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Sorry, But You’ll Never Fly Like The Jetsons

Hover cars aren’t even close to happening in your lifetime

Leo Shvedsky
September 08 2021
Flying car concept: Shutterstock

Nothing says “The Future” like neon-covered skyscrapers stretching up into the sky, regular and safe space travel, and cars that fly or hover. And, while skyscrapers keep getting higher, and the world’s overcompensating, eccentric billionaires are fully on their way to colonizing Pluto, the only thing we’ll likely never have from the futuristic checklist is cars whizzing about in the sky. Why are we so down on soaring automobiles you ask?

It’s because they’re impractical, highly inefficient, and humans simply can’t handle them.

Hanna-Barbera is taunting us:

Not everyone feels this way. Hyundai says flying cars will be a reality by 2030. But we've heard that before. In fact, car manufacturers have been talking about flying cars for as long as cars and the concept of flying have been around. The first patent for a legit flying car is said to have been filed in 1917, and then another one in a similar vein in 1937. But, the common theme in those design ideas is that they were essentially airplanes that were also cars sometimes. They relied on traditional flight surfaces like wings and ailerons to control maneuverability. They were nothing like the magical Star Wars land speeders or Blade Runner cars of which we have grown accustomed to freely associate with as true hover/flying cars. And this stayed the basic concept until science fiction came along to start filling our silly little heads with pipedreams.

A 1917 design for “the first flying car”:

As much as we’d love to believe our greatest minds can eventually mirror what we see on TV screens, (the iWatch, for example, blows the Star Trek “communicator” out of the water) most flying vehicles from science fiction rely on technology that’s too impractical to ever be viable. In Star Wars, for example, the land speeder is powered by the concept of Repulsion (also appears in Iron Man) Technology. The idea being that the car literally repulses the gravity that’s holding it down, which is based on some pseudo-science explained in great detail in the Wookiepedia. Basically, it's some magical gobbledygook. We’d have to continually scorch the ground beneath us with rockets to achieve the same effect in real life.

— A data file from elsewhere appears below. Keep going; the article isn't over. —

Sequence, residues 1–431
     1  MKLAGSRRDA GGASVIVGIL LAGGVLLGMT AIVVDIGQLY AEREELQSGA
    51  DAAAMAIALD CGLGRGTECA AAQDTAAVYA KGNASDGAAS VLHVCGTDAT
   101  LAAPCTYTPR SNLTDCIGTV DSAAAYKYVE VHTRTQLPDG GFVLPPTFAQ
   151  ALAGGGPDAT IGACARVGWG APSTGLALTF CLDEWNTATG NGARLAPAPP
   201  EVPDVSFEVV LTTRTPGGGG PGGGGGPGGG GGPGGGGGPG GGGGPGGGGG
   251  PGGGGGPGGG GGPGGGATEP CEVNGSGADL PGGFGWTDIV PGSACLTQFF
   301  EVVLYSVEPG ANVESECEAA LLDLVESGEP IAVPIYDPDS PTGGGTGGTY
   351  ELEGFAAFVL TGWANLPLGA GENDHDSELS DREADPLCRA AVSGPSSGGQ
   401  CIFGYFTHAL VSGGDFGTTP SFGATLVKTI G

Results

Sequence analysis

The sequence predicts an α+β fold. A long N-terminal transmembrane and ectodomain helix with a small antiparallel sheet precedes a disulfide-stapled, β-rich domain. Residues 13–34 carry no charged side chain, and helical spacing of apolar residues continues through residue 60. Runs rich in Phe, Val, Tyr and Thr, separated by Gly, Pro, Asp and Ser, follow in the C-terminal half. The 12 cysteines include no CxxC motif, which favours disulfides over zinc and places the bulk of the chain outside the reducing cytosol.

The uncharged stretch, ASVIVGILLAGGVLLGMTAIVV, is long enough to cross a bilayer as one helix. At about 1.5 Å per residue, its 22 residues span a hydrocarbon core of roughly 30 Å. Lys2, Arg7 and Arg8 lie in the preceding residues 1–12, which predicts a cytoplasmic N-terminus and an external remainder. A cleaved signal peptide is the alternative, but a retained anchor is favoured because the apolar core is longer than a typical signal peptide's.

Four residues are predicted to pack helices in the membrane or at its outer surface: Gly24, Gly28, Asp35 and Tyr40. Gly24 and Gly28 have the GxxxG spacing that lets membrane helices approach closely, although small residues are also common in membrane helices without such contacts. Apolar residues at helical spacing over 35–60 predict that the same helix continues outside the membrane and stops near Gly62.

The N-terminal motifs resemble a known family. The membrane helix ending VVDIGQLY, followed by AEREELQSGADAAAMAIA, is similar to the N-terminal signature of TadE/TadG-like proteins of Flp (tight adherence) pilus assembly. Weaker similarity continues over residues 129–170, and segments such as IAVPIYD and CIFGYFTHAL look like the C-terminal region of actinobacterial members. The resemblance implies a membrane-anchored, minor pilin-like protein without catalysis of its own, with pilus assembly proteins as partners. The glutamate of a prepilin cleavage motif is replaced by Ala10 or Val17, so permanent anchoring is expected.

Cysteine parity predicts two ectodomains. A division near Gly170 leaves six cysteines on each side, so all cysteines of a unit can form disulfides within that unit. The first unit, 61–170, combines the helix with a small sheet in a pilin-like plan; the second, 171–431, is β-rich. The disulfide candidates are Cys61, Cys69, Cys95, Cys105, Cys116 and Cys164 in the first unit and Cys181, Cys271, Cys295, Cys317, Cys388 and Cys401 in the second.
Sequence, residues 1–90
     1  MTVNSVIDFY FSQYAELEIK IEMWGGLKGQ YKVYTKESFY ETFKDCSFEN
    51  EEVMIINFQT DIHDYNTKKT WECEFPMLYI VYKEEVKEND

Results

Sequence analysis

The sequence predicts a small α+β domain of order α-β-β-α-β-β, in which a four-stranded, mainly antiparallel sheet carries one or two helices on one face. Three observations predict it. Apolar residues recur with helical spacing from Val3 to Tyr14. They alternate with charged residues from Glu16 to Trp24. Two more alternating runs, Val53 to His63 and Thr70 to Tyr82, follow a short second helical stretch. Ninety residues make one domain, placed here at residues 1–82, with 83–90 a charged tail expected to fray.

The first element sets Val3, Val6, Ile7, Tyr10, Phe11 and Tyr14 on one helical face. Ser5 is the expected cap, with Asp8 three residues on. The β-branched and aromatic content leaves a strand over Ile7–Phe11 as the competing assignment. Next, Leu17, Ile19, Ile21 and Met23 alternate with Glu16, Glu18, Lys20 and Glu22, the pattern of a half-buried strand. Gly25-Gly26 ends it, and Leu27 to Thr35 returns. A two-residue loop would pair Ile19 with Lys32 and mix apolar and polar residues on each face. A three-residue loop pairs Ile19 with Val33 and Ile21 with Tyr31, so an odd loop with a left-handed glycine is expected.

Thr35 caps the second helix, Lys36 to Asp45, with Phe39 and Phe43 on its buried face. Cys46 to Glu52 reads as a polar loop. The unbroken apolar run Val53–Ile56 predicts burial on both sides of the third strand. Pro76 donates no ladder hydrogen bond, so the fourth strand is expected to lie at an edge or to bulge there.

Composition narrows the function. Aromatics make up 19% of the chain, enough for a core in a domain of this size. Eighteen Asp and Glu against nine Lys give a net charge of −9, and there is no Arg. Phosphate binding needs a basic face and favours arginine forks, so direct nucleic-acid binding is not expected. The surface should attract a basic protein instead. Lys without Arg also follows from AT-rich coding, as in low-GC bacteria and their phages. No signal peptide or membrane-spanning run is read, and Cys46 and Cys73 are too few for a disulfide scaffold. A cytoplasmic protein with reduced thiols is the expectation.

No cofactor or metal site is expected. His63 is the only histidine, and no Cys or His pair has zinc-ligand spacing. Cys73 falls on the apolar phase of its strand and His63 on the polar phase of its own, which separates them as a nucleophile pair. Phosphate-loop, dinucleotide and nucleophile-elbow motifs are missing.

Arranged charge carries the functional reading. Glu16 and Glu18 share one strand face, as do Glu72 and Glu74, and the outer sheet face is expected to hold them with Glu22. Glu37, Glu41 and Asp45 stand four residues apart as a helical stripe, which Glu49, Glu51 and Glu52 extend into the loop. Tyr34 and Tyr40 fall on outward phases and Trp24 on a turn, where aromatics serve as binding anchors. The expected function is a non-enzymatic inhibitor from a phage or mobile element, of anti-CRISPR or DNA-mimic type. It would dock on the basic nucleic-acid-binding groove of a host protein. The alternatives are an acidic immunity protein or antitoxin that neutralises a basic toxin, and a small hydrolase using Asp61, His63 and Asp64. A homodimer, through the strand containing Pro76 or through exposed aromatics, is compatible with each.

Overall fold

Luke living the dream: Disney/Shutterstock

But at least Star Wars attempts to offer some explanation. Blade Runner and Back to the Future don’t even bother to explain how their machines work. It was just taken for granted that in the early-twentieth-century we were definitely going to have anti-gravity cars somehow, and definitely no global pandemics. But spoilers, the idea of anti-gravity is fraught with many problems.

 A view you’ll probably only get if you drive off of a cliff: Shutterstock

One of which is that, even if you were able to create some sort of anti-gravity field propelling you upwards without the use of any rockets, you would presumably trap everything underneath you in that same field. Your car’s undercarriage would be a floating mass of dust, road debris, sand, and whatever other garbage you picked up from the ground.

Not gonna happen:

Then consider how flying vehicles would be incredibly inefficient. Let’s look to the hovercraft as an example. Now, a hovercraft, not be confused with a hover car, is a very real machine that exists, which uses large fans to propel it forward. It doesn’t hover so much as it glides along its inflatable surface, and it is primarily used on water, though sometimes can travel along smooth landmasses as well. 

However, hovercrafts require a ton of energy and they’re notoriously difficult to control on land. The closest anyone came was the Avrocar, a military project that was cancelled because the prototype couldn’t be safely flown more than a few feet from the ground, and only over an airport tarmac. It’s basically a dead-end both financially and scientifically.

The VZ-9 Avrocar: Wikipedia

And now, for the number one reason why humans will never enjoy a sunset flight in a Subaru – we’re not responsible enough for this sort of thing. The FAA currently requires 60 hours of flight time under an instructor before even being qualified to take a final flight test. And that is not mentioning the ground school and medical certification involved. Assuming the idea is that people will be able to get a flying car license in the same way they get a driver’s license, a few hours at the stick in high school will simply not be enough. There have been close to 140,000 automobile related fatalities from 2016-2019, and 29% of them were alcohol related. Now imagine that in the sky with even greater speeds than on land.  

Don’t get us wrong, we enjoy a bleak cyberpunk dystopia filled with sleek flying cars as much as the next nerd. But this is one piece of science fiction that is going to stay fiction for a long, long time.



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